Hey Bill. I haven't heard of anyone building the Haven having problems with these frames. Now frame #10 is a different story. This is the area of the bedlogs where the height above the construction base line has to be right. It's been several years since I planked my boat but this is what I remember. I don't recall marking planking stations on the stem, but I will go back and look at the drawings. This is what I remember though......Planking dimensions where give for various station numbers. I laid these out and used a true batten to mark all the frames after getting a fair line. This line carried over to the stem. The foremost plank ends had to be pressed down into the rabbet. The hood ends where spiled to get the correct shape and then fine cut as the plank was fitted into the rabbet. I can't picture in my mind exactly what you are talking about. If you have faired all the molds and frames, have the construction base level fore and aft, set the frames at 90 degrees to the construction base and are holding the top of the floor timber according to the spec's given, I can't understand why there is a problem. Maybe you can give us some more details or post a picture..... Paul posted 08-09-2001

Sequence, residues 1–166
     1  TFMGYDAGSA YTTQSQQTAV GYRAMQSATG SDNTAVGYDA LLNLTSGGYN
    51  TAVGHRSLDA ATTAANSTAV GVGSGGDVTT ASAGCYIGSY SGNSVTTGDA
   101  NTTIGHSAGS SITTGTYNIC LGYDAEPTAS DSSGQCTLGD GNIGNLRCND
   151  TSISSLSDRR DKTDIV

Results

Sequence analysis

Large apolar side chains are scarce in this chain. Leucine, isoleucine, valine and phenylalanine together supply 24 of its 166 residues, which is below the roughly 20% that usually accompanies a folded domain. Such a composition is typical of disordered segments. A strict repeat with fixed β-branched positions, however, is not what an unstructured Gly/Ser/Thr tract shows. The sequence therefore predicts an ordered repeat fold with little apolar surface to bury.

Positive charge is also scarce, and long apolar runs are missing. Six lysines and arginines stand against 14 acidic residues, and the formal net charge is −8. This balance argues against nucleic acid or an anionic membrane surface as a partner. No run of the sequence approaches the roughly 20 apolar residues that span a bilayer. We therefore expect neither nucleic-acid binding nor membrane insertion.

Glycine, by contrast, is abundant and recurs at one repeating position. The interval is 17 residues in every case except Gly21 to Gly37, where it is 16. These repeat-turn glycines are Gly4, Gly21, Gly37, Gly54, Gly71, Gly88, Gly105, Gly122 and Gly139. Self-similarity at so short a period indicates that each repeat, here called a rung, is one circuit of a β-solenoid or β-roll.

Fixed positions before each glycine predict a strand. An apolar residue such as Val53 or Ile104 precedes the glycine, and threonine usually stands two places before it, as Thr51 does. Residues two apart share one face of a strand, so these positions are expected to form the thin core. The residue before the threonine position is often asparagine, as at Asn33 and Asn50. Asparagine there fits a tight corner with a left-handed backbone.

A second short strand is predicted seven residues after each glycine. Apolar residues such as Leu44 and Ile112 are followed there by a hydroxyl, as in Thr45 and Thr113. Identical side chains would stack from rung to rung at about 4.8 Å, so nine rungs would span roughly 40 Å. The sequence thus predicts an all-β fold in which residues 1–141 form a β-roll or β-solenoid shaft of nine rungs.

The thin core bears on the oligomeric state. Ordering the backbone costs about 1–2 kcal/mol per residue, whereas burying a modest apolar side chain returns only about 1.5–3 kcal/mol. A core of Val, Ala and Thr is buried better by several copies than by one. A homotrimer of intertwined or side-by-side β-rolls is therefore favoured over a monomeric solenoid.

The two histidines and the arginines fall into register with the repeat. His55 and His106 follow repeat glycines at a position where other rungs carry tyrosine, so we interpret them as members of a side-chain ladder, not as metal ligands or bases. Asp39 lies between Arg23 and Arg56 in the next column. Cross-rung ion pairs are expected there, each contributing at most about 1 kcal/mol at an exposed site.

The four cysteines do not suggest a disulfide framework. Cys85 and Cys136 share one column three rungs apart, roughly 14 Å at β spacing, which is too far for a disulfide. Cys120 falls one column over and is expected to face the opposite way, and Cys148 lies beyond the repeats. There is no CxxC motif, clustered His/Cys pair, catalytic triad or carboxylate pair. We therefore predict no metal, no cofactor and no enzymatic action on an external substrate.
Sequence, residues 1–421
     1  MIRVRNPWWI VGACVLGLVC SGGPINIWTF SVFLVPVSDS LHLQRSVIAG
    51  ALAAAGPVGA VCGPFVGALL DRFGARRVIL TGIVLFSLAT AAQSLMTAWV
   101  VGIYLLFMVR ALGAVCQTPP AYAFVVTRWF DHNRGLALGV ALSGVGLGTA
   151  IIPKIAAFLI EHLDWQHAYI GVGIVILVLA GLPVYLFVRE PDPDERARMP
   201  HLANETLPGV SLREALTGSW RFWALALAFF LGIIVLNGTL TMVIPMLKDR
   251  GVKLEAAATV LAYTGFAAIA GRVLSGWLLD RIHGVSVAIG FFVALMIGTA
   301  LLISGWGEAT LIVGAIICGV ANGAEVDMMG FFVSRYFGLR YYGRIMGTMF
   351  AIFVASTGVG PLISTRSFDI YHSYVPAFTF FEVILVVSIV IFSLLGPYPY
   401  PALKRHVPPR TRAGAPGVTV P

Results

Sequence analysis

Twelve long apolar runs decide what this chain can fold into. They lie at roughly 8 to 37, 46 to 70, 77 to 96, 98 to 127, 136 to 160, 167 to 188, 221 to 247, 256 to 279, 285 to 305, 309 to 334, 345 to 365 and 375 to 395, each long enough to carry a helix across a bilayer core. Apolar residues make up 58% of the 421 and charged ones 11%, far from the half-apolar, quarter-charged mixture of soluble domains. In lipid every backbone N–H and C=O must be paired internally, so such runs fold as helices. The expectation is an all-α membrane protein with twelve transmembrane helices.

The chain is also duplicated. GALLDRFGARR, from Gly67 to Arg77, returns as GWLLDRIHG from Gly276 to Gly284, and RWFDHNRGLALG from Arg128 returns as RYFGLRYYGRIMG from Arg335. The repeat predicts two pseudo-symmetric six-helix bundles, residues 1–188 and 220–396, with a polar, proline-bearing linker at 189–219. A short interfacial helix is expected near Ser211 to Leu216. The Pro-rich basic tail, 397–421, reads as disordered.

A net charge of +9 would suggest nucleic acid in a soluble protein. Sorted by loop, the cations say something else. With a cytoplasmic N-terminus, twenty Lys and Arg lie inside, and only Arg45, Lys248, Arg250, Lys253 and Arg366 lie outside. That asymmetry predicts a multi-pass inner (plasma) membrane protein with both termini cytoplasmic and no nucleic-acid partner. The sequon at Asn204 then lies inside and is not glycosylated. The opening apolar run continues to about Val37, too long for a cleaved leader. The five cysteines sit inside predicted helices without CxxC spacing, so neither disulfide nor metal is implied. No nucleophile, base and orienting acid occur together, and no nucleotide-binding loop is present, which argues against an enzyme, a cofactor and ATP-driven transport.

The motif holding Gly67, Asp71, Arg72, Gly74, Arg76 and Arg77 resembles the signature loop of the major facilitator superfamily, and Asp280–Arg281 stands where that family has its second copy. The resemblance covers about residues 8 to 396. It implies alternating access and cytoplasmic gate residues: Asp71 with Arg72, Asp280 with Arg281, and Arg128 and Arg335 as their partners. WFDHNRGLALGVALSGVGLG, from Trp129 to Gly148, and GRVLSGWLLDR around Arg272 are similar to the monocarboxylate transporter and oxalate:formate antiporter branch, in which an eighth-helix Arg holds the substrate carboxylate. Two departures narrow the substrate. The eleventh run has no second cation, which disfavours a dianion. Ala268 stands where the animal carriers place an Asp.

Bill, I will try to look at the plans tonight and see if I can follow what you are saying. Don't get frustrated! I fussed with that frame #10 for days until I did just like it said in the book. Hold the fore and aft heights above the construction base, shim as necessary (or something like that). I can tell you there will be more instances like this and you will have to decide when and where you want to make your judgement calls. Keep in mind that there is another set of frames that will be added after the planking hung and you have her right side up......Paul posted 08-09-2001

posted 11-15-2006 01:01 PM
Gene spotted this one: 

Step 93, p. 23 shows a photograph of a mold supporting the centerboard trunk. The mold appears to have the number "10" on it.
The plans indicate that molds 11 through 16 are notched for the CB trunk. Mold No. 10 is the next mold forward of No. 11 but does not have a notch. 

Am I fretting needlessly about a random scribbling or am I missing something. 


Good catch Gene! That "10" is actually written on frame #11.


5.)  Sheer

Wednesday, 7 November 2007 07:30